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Vitamin C May Be No Good For Lowering Urate Levels In Gout Patients: Study

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Vitamin C doesn't seem to have a beneficial effect on uric acid levels in gout patients, a new study finds. Wikimedia Commons, CC BY-SA 3.

You might want to stop guzzling that vitamin C, gout patients - it may not be helping. According to a new study published in Arthritis and Rheumatism, vitamin C does not significantly reduce the levels of uric acid in patients with established gout, a press release from publisher Wiley says.

High levels of uric acid in the blood can bring on the arthritis-like condition called gout, as a result of crystals of uric acid gathering in joints, capillaries, and other tissues. Previous studies have shown that vitamin C supplements can help keep uric acid levels down, and may help reduce the risk of gout in people who don't already have it.

In this study, the team recruited gout patients with high uric acid levels, Wiley says. Of the 40 people enrolled in the study, 20 patients already taking the standard gout medication allopurinol were given an additional 500 milligram dose of vitamin C daily or had their allopurinol dose increased. The other 20 people, who were not already taking allopurinol, were either started on the drug, or on 500 milligrams of vitamin C daily.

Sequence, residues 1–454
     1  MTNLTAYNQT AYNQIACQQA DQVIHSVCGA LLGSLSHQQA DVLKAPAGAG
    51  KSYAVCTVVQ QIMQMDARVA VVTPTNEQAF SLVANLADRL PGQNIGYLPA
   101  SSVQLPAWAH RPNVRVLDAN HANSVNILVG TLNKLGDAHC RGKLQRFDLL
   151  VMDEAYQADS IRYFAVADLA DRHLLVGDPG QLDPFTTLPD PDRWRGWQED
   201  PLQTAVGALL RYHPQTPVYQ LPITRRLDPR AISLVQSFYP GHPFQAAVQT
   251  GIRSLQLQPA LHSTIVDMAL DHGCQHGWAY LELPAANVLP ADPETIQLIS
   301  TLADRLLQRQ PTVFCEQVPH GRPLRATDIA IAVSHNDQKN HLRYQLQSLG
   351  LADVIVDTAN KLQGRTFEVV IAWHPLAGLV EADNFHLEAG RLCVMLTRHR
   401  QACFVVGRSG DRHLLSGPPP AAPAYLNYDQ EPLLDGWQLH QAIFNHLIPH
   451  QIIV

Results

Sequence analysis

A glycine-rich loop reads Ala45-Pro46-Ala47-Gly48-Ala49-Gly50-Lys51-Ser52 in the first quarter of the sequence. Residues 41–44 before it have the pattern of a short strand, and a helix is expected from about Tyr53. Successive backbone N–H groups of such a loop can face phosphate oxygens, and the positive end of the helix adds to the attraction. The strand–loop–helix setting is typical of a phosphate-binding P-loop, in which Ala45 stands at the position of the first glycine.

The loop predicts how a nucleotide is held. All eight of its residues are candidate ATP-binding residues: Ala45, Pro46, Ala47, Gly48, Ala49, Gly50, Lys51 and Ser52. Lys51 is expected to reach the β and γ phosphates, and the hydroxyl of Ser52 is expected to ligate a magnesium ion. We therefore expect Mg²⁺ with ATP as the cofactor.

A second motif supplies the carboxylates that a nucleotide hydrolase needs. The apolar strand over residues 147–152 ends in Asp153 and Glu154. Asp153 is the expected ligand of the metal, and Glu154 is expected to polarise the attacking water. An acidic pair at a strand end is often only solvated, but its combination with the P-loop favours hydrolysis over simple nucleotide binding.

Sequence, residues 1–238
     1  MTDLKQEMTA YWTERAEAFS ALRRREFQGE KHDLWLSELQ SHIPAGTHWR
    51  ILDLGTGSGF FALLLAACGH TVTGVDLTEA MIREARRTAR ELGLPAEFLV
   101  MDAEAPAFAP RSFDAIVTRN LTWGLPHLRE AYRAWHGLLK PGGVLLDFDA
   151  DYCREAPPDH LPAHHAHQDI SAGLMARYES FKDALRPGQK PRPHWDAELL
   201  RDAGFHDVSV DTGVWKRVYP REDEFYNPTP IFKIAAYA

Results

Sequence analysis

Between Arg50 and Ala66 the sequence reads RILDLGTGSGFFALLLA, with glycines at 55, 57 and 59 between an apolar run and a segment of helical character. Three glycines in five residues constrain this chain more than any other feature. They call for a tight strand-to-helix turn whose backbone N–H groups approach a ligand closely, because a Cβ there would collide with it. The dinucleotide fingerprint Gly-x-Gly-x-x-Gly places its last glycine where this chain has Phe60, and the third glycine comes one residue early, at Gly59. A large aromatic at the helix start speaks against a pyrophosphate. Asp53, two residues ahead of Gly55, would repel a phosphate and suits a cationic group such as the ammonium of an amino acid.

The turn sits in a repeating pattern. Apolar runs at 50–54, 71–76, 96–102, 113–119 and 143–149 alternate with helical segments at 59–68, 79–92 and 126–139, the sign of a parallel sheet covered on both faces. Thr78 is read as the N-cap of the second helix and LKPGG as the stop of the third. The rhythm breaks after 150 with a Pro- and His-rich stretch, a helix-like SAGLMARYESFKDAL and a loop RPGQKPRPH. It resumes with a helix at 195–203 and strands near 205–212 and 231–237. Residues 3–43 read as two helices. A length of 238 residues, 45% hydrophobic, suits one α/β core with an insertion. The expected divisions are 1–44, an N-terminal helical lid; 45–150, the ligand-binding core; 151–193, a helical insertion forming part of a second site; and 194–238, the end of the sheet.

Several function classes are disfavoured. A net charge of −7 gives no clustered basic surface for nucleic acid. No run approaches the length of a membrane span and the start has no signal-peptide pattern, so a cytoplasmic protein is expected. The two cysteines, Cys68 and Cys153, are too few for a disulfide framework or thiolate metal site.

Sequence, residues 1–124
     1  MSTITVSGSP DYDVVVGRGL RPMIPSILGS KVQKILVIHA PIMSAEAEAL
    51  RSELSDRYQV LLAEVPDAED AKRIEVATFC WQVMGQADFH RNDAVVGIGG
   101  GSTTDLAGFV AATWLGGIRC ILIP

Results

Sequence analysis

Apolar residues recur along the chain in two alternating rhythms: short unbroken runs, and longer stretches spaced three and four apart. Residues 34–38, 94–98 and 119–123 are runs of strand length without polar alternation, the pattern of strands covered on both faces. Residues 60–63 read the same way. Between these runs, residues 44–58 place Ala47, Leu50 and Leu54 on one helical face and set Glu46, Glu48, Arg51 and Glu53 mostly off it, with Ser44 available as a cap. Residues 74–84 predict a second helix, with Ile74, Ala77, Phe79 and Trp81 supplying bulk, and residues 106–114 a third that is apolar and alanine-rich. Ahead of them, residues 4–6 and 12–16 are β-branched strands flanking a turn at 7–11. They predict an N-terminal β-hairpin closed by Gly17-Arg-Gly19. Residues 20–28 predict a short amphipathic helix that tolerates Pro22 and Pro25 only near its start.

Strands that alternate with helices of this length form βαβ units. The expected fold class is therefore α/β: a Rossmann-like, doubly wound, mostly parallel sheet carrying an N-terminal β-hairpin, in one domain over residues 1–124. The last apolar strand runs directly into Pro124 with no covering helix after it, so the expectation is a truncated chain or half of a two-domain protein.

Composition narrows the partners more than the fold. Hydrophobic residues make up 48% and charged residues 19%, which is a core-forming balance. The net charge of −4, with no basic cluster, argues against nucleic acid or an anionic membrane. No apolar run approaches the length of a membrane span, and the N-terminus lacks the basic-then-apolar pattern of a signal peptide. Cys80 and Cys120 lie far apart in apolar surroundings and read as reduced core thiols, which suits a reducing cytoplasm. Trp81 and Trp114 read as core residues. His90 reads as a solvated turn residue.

When the researchers analyzed levels of vitamin C, creatinine, and uric acid after eight weeks, they found that the vitamin C didn't lower uric acid levels to a clinically significant degree in gout patients. In fact, the statement adds, the reduction of uric acid in the patients taking vitamin C was significantly less than in people who started or increased their dosage of allopurinol. Although previous studies on healthy people with high uric acid level seems to indicate vitamin C is beneficial, it seems the benefit does not extend to patients who already have the condition.

"Though vitamin C may reduce risk of developing gout, our data does not support using vitamin C as a therapy to lower uric acid levels in patients with established gout," says first author Lisa Stamp in the statement. "Further investigation of the urate lowering effects of a larger vitamin C dose in those with gout is warranted."

Source: LK Stamp, JL O'Donnell, C Frampton, et al. Clinically Insignificant Effect of Supplemental Vitamin C on Serum Urate in Patients with Gout: A Pilot Randomised Controlled Trial. Arthritis and Rheumatism. 2013. 

 

 

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